A revenge movie with its precious little dialogue in an ancient language, ICEMAN is a visually stunning film that illustrates very well the old adage “a picture is worth a thousand words”. The story probably only needs half of that hypothetical picture; however, the overall tale is engaging and dramatic in a way entirely beyond words.
The plot revolves around Jurgen Vogel’s Kelab, seeing his home ablaze in the distance while on a hunting trip. Upon reaching his home, he finds his entire family and community raped and murdered at the hands of rival Neolithic settlers in the Ötzal Alps area. Devastated, he sets out on a long and gruelling pursuit for vengeance.
The film opens by boldly claiming that “no translation is required” in order to follow the events. This proves to be correct, and subtitles would have in fact detracted from the final cut. Felix Randau has gone to great lengths to make the scale and beauty of the landscape apparent and the action visceral enough that dialogue for a very simple plot would simply be a distraction.
The heavy work also falls to the actors, therefore, and primarily to Vogel. Apart from a keenness for screaming at the sky, his thoughts and actions are all superbly realised. This is achieved, furthermore, without imprinting a modern sense of tragedy upon his plight any more than is necessary to relate to his anguish.
“…subtitles would have in fact detracted from the final cut. Felix Randau has gone to great lengths to make the scale and beauty of the landscape apparent…”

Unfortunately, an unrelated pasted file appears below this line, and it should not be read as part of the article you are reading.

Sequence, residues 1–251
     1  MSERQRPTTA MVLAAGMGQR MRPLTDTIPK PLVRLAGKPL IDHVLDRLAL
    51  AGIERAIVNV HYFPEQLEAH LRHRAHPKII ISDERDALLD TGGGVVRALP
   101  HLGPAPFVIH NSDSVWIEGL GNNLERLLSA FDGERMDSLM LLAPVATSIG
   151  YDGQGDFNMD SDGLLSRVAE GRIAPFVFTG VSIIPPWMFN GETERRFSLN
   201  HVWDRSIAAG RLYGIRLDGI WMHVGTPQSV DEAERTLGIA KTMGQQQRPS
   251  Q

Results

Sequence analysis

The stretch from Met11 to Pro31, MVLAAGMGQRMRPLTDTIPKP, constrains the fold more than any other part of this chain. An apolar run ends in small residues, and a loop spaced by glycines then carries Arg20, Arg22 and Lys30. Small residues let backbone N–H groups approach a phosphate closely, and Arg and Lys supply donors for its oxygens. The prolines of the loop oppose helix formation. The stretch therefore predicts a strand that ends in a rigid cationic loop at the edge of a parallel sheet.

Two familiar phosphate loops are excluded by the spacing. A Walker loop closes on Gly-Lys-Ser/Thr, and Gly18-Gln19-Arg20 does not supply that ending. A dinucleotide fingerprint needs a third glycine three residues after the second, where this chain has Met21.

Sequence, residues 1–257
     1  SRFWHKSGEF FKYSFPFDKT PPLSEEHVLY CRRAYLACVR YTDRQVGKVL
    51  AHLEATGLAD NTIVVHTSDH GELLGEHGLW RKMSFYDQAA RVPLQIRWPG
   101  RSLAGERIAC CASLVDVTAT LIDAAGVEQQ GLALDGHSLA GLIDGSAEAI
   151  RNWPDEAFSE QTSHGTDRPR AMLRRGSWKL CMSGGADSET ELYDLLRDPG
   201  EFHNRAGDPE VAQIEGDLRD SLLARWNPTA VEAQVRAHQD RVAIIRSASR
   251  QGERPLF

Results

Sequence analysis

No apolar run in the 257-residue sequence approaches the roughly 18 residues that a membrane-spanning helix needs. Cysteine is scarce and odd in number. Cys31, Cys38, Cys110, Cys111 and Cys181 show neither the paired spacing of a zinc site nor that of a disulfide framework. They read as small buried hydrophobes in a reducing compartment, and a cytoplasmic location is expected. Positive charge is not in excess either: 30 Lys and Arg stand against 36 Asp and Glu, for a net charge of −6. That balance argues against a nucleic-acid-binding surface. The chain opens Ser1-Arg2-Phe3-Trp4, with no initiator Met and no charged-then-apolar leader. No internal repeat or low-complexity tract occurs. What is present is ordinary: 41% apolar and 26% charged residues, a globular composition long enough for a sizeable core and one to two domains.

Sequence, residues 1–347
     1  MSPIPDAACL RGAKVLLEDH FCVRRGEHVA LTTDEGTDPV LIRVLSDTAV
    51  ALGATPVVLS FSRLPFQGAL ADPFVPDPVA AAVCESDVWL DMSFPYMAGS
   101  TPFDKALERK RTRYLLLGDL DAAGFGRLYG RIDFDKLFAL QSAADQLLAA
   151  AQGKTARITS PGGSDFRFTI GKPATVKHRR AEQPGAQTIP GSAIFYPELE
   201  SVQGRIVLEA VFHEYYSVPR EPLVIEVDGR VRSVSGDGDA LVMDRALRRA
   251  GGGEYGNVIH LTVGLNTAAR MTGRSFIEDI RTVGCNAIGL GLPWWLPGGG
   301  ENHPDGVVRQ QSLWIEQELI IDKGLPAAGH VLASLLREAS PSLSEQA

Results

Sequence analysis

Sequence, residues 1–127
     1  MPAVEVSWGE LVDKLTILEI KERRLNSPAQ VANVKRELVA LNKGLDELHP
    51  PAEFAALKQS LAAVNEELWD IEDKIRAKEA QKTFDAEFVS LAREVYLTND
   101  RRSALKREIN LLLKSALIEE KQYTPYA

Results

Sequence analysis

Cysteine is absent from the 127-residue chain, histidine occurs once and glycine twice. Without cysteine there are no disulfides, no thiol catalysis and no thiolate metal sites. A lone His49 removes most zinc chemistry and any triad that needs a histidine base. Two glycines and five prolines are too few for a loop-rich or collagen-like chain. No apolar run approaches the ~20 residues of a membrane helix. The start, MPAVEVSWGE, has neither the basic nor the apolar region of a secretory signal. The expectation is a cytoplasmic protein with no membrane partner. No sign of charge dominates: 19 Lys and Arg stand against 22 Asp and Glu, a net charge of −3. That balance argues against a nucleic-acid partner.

None of this is to say ICEMAN is free from the odd piece of yellow snow amongst the ice sculptures. A precious artefact stolen from Kelab, which he aims to recover, seems destined for much of the film to be a wooden version of the PULP FICTION briefcase, until a late thematically communicative reveal. The plot leans heavily on filmic tropes of the ages – it isn’t that far removed from 1980s Schwarzenegger vehicle COMMANDO (though with fewer puns), THE REVENANT (with fewer bears), or BRAVEHEART (with less tartan and no crap accents, not that we’re experts in Rhaetian accents or anything). As faithful as the production team appear to have been to the period (the film itself being inspired by the find of Ötzi in 1991), the main stylistic choice for portraying Neolithic people seems to be mud on the face and backcombed hair. Combined with the fairly consistent costume style and difficulty assigning names, these choices perhaps rob ICEMAN of some emotional depth.
“[…there is] the odd piece of yellow snow amongst the ice sculptures […], but we can be captivated by the excellent visuals and technical execution of it all, words be damned”
Having said all that, the simplicity of the narrative and plot devices allows the film to breathe (and deeply) in all other areas. The camera frequently tracks action over a long continuous shot, and one sequence that sweeps up a mountainside with a vertigo-inducing intensity is particularly impressive. The sound design, free from the need for comprehensible voices, comes to life in the cracking ice, bodily bruising and howling natural phenomena the characters endure.
Although, come the conclusion, the camera framing delivers some heavy-handed symbolism to go with the thematic sledgehammer mentioned above, the same visual freedom is what has afforded the film’s best moments prior to this. There is also a clarity and variety to Jakub Bejnarowicz’s cinematography which elevates the ancient setting beyond the stereotypes of cavemen in loincloths. A lush set of greens and blues, transitioning through orange infernos into harsh piercing whites, consigns brown, grim and dusty caveman stereotypes to the Neolithic bone pile.
The underlying simplicity of ICEMAN is both a blessing and a hindrance. Felix Randau, however, does some stunning work in bringing the setting of the film to life. We may not understand the language, but we can feel every blow and chill and be captivated by the excellent visuals and technical execution of it all, words be damned.